I shook my head. "It's just... No one ever asks me that."

Catherine blinked and suddenly looked like she was going to cry. "Why ever not? It's such a common courtesy question!"

"Nobody shows me courtesy. Why would they want to do that? I'm just an insignificant person who means nothing to nobody." I said, anger creeping into my veins.

"You must mean the world to your parents." Catherine said in an attempt to save the conversation.

I snorted. "My mother is dead and my father couldn't give a fuck about me."

"I'm sorry about your mother. And I'm sure your father does really care about you." Catherine tried slowly.

I shook my head and stared at a group of people from the year below. They were sat across the hall and were laughing over something on the table. "My father would be happier if I died. Oh, but then I wouldn't be able to bring in money for him." I shook my head again and lowered my eyes to the table. "My father has never told me that he's loved me. My mother cared about me for a bit, and then cared before she died. I have never felt like I have belonged on this earth. So maybe I don't. Maybe I should just go. I don't even know why I'm telling you this."

I lifted my head to look at Catherine. Shock overwhelmed me as I saw that tears were dripping freely down her face.

"Why are you crying?" I asked her in surprise.

Catherine wiped her hand across her tear-stained face. "Because that is the saddest thing that anyone has ever told me. Come back to mine later."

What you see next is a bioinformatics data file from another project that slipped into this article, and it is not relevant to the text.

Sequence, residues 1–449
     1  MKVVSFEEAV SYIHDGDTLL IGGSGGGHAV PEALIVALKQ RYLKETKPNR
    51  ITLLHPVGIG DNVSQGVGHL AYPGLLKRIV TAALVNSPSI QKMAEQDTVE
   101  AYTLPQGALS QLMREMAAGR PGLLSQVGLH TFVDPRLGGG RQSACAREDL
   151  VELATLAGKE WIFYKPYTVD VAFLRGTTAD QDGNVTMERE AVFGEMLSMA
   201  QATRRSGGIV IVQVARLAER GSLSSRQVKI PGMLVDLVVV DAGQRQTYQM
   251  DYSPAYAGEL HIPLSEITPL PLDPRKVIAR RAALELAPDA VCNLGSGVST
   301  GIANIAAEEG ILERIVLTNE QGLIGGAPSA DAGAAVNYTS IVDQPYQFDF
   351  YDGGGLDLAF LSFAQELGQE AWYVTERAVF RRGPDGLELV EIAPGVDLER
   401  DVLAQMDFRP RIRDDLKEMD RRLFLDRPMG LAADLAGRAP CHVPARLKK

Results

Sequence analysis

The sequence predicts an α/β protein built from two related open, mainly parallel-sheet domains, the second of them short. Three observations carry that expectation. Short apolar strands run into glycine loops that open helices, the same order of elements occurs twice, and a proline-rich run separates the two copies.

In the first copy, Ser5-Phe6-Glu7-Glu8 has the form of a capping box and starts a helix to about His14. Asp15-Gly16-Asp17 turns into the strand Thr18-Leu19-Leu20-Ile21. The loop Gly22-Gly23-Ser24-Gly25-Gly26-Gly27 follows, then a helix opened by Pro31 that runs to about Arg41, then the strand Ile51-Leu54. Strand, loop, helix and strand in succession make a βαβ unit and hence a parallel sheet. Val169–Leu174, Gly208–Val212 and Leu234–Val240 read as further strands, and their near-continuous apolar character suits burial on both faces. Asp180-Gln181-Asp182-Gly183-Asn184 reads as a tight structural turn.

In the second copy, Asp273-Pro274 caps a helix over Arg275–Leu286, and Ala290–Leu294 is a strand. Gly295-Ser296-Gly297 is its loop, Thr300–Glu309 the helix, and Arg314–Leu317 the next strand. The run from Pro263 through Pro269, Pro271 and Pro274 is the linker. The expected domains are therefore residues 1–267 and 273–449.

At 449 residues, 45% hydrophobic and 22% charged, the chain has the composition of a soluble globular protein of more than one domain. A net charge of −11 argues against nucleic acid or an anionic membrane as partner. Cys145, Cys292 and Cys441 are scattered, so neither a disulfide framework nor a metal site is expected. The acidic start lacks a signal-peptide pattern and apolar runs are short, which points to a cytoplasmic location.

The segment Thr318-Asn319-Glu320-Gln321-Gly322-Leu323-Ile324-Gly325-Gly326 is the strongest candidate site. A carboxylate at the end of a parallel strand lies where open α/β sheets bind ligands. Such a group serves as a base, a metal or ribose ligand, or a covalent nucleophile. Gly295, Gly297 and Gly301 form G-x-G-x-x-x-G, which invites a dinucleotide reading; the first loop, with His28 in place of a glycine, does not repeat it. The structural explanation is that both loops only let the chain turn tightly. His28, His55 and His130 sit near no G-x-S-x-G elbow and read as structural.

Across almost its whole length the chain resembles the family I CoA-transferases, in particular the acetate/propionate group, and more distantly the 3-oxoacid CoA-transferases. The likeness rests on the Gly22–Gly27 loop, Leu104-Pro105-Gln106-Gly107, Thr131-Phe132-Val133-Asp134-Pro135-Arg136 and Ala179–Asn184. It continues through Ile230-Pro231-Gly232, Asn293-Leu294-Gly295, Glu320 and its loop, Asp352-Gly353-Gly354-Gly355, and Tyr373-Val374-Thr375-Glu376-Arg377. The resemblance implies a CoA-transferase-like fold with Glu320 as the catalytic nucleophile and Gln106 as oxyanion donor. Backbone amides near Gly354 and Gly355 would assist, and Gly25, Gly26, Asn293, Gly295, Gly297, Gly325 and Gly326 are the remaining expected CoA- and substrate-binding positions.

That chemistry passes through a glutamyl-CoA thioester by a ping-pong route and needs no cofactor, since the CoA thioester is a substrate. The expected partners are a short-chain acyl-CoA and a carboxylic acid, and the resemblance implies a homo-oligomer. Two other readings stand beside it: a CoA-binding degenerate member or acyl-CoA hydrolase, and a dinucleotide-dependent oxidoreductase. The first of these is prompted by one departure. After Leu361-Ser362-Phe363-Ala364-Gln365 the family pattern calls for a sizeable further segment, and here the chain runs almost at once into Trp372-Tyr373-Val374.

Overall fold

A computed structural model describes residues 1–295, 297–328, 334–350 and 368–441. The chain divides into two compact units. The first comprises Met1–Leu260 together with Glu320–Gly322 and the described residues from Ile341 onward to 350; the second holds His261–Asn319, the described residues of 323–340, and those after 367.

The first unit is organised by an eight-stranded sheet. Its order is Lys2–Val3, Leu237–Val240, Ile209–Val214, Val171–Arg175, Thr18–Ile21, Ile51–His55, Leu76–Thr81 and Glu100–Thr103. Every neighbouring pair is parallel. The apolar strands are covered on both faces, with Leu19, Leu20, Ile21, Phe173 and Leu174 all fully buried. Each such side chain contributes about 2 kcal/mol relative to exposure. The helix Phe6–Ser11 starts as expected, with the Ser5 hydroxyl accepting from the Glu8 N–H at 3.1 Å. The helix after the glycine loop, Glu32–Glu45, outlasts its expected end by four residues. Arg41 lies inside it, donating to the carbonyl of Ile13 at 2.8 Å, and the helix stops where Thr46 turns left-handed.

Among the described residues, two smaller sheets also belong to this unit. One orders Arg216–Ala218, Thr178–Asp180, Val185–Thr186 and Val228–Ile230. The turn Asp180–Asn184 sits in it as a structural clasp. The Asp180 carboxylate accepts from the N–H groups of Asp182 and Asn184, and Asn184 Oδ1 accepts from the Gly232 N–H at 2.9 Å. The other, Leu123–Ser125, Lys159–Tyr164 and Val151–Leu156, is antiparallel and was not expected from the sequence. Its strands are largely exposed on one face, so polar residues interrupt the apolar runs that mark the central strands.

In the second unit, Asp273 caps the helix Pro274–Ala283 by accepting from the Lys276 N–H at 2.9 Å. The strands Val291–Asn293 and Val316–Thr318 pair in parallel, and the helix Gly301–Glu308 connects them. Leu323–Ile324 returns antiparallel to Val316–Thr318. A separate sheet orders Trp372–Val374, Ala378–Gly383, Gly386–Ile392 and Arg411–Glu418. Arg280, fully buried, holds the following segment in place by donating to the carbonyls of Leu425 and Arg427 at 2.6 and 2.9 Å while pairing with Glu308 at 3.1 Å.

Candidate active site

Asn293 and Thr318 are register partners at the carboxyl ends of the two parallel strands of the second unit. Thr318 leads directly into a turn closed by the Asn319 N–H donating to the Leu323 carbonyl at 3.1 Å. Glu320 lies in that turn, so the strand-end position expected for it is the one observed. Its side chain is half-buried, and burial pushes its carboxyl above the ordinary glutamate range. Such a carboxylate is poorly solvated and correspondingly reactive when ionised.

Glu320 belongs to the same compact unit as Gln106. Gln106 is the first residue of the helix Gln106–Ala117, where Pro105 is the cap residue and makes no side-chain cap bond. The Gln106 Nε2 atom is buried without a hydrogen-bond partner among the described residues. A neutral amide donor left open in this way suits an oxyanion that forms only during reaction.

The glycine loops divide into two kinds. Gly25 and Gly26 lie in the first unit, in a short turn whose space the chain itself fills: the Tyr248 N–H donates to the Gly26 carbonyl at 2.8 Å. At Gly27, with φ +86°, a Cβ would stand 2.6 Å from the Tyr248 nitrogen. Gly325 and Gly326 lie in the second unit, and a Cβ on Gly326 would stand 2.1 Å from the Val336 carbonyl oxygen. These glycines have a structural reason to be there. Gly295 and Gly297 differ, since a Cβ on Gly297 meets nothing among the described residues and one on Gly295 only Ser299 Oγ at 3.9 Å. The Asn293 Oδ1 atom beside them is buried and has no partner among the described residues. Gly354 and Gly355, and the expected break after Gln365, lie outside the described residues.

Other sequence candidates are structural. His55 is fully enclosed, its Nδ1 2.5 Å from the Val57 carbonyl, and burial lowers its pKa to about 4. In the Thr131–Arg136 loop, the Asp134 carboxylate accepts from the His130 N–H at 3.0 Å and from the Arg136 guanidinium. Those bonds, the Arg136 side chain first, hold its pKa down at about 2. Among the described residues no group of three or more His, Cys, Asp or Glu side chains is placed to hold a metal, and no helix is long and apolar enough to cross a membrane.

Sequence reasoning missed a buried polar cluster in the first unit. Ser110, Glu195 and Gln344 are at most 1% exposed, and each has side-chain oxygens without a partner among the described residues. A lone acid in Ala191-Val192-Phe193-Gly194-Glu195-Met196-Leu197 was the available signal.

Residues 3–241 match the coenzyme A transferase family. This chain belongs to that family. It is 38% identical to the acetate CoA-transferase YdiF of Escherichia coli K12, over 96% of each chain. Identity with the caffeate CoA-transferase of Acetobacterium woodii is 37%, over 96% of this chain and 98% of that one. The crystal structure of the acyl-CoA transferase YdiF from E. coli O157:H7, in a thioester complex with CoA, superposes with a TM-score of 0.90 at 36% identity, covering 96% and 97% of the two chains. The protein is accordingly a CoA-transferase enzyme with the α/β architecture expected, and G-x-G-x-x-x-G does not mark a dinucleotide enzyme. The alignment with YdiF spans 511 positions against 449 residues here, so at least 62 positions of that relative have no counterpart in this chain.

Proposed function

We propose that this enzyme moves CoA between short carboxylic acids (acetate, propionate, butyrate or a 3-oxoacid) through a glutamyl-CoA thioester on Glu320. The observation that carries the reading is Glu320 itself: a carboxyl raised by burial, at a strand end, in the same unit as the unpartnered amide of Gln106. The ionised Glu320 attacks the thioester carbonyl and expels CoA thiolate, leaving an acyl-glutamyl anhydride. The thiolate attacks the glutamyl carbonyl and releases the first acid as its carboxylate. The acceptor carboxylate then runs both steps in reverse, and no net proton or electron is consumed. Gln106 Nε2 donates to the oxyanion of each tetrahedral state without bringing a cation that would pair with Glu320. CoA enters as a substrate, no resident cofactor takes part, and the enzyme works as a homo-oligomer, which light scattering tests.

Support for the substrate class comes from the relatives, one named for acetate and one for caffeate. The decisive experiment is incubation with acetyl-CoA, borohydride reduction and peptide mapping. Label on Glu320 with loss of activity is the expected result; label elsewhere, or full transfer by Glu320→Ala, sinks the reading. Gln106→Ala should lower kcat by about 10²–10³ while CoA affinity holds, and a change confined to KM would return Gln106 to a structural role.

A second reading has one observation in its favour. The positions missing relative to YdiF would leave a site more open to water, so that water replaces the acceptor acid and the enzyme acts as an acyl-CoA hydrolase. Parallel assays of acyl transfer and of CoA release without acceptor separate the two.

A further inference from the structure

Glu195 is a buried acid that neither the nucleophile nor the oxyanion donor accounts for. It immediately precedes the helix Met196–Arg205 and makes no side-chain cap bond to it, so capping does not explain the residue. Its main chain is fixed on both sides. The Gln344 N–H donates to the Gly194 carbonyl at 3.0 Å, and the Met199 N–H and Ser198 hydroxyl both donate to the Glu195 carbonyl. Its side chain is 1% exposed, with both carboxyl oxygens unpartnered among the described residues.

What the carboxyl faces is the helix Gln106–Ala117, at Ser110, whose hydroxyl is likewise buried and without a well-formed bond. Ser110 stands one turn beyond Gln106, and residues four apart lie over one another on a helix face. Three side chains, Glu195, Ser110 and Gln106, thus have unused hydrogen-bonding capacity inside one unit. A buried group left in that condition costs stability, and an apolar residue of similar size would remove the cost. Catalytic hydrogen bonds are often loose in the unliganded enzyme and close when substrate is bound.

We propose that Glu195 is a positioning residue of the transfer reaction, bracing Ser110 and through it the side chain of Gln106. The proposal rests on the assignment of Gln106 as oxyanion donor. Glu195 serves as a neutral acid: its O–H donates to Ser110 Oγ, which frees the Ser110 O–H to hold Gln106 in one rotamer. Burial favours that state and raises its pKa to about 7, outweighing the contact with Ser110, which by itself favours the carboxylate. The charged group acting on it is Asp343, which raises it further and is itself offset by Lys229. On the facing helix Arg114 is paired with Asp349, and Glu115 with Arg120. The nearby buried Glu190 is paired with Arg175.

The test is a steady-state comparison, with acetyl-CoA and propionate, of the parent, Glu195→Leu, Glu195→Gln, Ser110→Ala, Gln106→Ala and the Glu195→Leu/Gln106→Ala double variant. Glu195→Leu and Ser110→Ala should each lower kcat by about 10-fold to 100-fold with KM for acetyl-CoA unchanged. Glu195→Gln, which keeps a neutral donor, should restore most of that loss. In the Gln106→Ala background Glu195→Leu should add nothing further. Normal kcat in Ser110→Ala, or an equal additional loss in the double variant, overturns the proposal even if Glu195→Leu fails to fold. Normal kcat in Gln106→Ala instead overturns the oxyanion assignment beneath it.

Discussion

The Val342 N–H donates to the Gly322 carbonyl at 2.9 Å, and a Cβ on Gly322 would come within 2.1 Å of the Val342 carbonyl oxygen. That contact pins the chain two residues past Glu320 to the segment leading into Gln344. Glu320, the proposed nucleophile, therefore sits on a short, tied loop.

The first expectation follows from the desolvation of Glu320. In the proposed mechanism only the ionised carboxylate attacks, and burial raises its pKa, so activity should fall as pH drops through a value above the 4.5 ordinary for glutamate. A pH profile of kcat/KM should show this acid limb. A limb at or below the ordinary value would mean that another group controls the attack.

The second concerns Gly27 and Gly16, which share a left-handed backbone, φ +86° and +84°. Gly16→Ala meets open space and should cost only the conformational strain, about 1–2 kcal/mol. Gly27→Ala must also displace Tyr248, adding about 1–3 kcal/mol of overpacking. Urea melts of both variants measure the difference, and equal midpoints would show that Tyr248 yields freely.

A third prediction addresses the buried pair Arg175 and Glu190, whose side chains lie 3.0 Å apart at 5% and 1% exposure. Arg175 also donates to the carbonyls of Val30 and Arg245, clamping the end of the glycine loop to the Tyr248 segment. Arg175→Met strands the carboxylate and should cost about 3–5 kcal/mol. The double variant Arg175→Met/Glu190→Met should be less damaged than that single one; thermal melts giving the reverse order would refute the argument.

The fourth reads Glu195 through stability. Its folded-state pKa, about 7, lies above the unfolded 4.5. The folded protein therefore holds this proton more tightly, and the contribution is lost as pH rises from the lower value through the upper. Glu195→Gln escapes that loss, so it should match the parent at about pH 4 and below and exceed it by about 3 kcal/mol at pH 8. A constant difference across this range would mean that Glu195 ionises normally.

I frowned, momentarily stunned that someone had invited me to their house. "I can't. What would my father say?"

Catherine smiled weakly. "Oh, well, come tomorrow lunch. He wouldn't know then would he?"

"I guess I could." I said slowly. "Where do you live?"

"I only live, like, five minutes from school. I normally go home at lunch anyway because I don't want to stay here any longer than I have to." Catherine smiled with one side of her mouth. She looked strange and I couldn't help but smile in return.

"Okay." I replied.

"So, that's sorted that then. May I stay here for today and we can chat?" She asked in a friendly manner.

"Um... sure." I tried to suppress my shock.

Catherine and I sat there on my normal table for the rest of lunch, talking about what we liked and disliked, about our primary schools and about what we wanted to do as a career. I learnt a lot about Catherine because she was more of the talker than I am. I learnt that her favourite food was lasagne, her favourite colour was grey, her favourite book was My Sister's Keeper by Jodi Picoult. Her favourite film was Harry Potter and the Goblet of Fire, her favourite band was Coldplay and she had seen them live three times, including having a photo with them.

"What about you anyway? I've been talking for ages, so I think it's your turn now." Catherine said suddenly, gazing at me in interest.

"I don't have a favourite food, my favourite colour is red, my favourite book is A Room With a View by E.M Forster because my mother gave it to me. My favourite film is The Fellowship of the Ring, which is part of the Lord of the Rings trilogy. I'm not allowed to listen to music so I don't have a favourite band and I've never been to a concert." I told her.

"Ah right. Why aren't you allowed to listen to music?" Catherine asked, looking like a holy rule was being broken.

"Because it's for enjoyment. If I'm enjoying myself, then my life isn't right." I replied sadly.

Catherine nodded before doing something that someone hadn't done to me in years: she hugged me. I rocked back in surprise before patting her awkwardly on her shoulder blade.

"Oh!" she cried, leaning back to look at my face, "are you not a huggy person?"

"Oh, no, it's just... I haven't been hugged in a while. My nan was the last person to give me a hug and that was at my mum's funeral." I explained, avoiding her sympathetic gaze.

At that moment, the bell rang to signal the end of the lunch hour.

"Come on then." Catherine said, standing up. "We have English Language."

I nodded and followed her out the lunch hall, still struggling to believe that someone had sat with me for the entirety of lunch and invited me to her house.